A major parliamentary report into the London 2012 Olympics warns that the prospect of an "effective and robust" legacy from the Games is in jeopardy unless there is a change in government approach.
The House of Lords Select Committee on Olympic and Paralympic Legacy says the Games were an "outstanding success", but urges the government to appoint a minister with overall responsibility for producing legacy benefits which, it warns, "are in danger of faltering".
The report finds "little evidence" of increased participation in sport, highlights the uneven distribution of economic benefits of the Games across the UK, and also criticises funding body UK Sport for its 'no compromise' policy on sports without short-term medal prospects.
"It is clear to everyone that the Olympic and Paralympic Games were an outstanding success," said the committee chairman, Lord Harris of Haringey.
"However, since the Games, the same political impetus and agreed deadlines no longer exist and many aspects of legacy are in danger of faltering, whilst some have fallen by the wayside.
"There is confusion on the timeframes and targets involved in delivery and a lack of clear ownership of legacy as a whole."
The committee, which took evidence from Mayor of London Boris Johnson, former Olympics Minister Tessa Jowell, and former Games organising committee chairman Lord Coe among others, recommended that a minister be given responsibility for the Olympic legacy, enabling greater co-ordination across Whitehall departments.
It also believes the Mayor of London should be given control over further development of east London and the Olympic Park in Stratford.
And there is a stark warning over the geographic disparity across the UK in the economic benefits stemming from the Games.
Government figures state that £2.5bn of additional foreign direct investment had been secured since the Games, resulting in 31,000 new jobs.
But while London and the south-east of England benefited with nearly 15,000 additional jobs, just seven were created in the North East.
London 2012 may have promised to "inspire a generation" but the committee of cross-party peers says it found "little evidence [of a] step change" in sports participation levels across the UK.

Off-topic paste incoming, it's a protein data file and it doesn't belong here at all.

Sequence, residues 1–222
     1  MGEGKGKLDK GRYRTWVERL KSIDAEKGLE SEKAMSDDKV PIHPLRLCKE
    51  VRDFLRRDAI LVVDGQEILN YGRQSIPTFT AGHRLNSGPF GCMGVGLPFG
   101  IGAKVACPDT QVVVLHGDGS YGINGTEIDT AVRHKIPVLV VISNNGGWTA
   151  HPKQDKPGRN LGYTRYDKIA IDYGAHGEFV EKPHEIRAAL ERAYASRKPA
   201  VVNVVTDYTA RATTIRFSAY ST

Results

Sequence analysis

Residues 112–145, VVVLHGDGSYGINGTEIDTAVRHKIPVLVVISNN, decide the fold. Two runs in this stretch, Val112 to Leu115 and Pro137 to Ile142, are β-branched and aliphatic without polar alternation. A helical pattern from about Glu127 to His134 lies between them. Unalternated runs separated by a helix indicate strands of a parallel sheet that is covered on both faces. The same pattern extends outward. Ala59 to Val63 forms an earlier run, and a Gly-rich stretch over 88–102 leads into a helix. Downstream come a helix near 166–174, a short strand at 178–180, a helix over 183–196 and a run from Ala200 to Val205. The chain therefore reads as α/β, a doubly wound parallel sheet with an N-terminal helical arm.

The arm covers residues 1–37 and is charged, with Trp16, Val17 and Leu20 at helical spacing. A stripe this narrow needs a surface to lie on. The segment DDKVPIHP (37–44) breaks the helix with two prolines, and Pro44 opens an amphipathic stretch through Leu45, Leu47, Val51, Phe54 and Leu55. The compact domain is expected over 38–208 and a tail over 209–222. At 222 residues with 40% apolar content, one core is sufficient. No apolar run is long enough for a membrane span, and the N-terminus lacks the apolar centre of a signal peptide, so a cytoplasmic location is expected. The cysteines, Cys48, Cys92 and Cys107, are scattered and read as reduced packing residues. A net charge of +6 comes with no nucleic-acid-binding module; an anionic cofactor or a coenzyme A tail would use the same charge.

"Whilst some sports have performed well, many others were unprepared for capturing the enthusiasm of the Games," added Lord Harris.
"We call on the government urgently to develop action plans to ensure the forthcoming decade of major sports events can be leveraged to create the step change."
The committee also called on the Department for Education to give greater emphasis to PE in schools and to ensure teachers had the necessary training.
UK Sport, the body that invests approximately £100m in high-performance athletes and teams each year and decides funding levels for Olympic and Paralympic sports, is also criticised in the report.
Following London 2012, 18 sports were given increases in funding.
Five, including swimming, had their budgets cut - with volleyball suffering an 88% reduction in its allocation after all four Team GB teams were eliminated in the Olympic group stages last year.
But the committee believes not enough is being done by UK Sport to help both team and emerging sports.
"The 'no compromise' approach of UK Sport has delivered medals for Team GB and has clearly improved top-end importance," said Lord Harris.
"This approach, however, has an inherent bias against team sports, and fails to help emerging sports, some of which, such as handball and volleyball, generated real enthusiasm at London 2012.
"It is not a one-size-fits-all approach for all sports, and we make the case for a different approach to be applied to developing sports that have less prospect of short-term medal success."
UK Sport said it would be working on a full response to the report with the Department for Culture, Media and Sport.
"UK Sport's 'No Compromise' approach is about getting the right support to the right athletes for the right reasons over an eight-year investment cycle," a statement from the funding body said.
"It has created a high-performance system that is admired the world over and to abandon it now would enable other nations, who want to replicate GB's Olympic and Paralympic success, to seize upon the opportunity."